Critics’ Picks

Becky Beasley, Figure + Letter (A–E) (series of 6), 2008, American walnut and hinges. Installation view.

Becky Beasley, Figure + Letter (A–E) (series of 6), 2008, American walnut and hinges. Installation view.

Antwerp

Becky Beasley

Office Baroque
Harmoniestraat 29
December 14, 2008–January 31, 2009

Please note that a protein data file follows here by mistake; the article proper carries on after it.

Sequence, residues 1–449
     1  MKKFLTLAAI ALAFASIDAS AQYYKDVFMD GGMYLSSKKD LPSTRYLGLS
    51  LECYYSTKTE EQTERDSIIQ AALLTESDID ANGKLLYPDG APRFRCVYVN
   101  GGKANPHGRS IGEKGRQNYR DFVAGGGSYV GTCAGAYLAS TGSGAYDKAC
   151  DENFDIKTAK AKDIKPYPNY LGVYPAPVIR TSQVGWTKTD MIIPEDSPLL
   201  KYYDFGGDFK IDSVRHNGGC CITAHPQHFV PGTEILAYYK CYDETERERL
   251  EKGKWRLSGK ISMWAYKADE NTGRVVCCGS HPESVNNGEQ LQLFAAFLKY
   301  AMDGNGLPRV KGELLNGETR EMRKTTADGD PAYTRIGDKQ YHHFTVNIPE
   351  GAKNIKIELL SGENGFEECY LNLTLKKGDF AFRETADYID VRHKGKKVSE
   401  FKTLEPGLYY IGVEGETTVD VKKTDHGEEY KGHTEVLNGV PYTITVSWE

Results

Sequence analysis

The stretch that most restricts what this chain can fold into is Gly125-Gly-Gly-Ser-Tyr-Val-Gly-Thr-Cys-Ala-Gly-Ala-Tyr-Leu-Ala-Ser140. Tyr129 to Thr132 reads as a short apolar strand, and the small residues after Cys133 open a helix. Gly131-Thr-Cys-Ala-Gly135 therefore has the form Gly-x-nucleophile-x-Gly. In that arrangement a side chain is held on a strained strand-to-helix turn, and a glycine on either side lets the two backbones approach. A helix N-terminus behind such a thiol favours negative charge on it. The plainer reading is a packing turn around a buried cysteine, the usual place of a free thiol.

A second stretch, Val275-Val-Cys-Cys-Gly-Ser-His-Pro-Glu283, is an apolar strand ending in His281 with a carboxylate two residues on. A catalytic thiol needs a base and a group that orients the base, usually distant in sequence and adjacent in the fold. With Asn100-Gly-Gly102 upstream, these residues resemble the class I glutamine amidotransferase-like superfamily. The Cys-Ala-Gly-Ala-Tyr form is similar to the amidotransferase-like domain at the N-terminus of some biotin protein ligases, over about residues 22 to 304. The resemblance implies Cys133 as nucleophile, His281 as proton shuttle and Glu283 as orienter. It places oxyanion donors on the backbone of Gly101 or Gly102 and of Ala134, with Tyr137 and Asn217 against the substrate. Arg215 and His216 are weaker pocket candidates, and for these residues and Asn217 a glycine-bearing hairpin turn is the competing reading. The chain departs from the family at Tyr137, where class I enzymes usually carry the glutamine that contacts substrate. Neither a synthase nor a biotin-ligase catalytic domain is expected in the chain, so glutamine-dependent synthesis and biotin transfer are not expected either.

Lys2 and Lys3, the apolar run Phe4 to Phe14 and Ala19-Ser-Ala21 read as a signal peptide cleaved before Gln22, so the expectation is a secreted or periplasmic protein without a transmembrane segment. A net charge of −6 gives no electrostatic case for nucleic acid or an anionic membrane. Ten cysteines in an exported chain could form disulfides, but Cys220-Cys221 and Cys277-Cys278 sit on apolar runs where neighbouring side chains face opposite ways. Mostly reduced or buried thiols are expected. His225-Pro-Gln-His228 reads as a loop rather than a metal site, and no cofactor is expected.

“Malamud” is the second solo exhibition by British artist Becky Beasley at this gallery, one of Antwerp’s most promising, which opened in 2007. Originally located in an apartment, the gallery moved last fall to a new and much larger space in an area near the city’s Central Station. Beasley has thoughtfully made use of this expanded space, utilizing each of its three rooms for a carefully installed series of new photographs, sculptures, and drawings. While the show’s title refers to the dry American novelist Bernard Malamud, the recurring element in Beasley’s practice is a wooden plank. Acting as an abstract emblem of the everyday, it merges the artist’s interest in the literary and philosophical notion of the cadaverous with her formal and conceptual exploration of the potential of sculpture in the wake of Minimalism. In some works the plank acts as a sculptural object, in others as a photographic subject; the former bear the title Plank and the latter Figure, each followed by a number. Beasley produced a series of four slightly curved planks in American-walnut veneer, which serenely lean against the wall. Large prints, mounted in wooden frames behind either brown or green acrylic glass, depict similar planks resting in a horizontal position on an indistinct floor and divided into several parts. The most striking sculpture is Figure + Letter (A–E) (series of 6), 2008, comprising five identical small planks of American walnut cut into either two or three parts, connected with brass hinges, and mounted on the wall like uneven shelves. With the planks' loosely dangling, limblike pieces, this work playfully subverts the rather tranquil and restrained overall character of the show.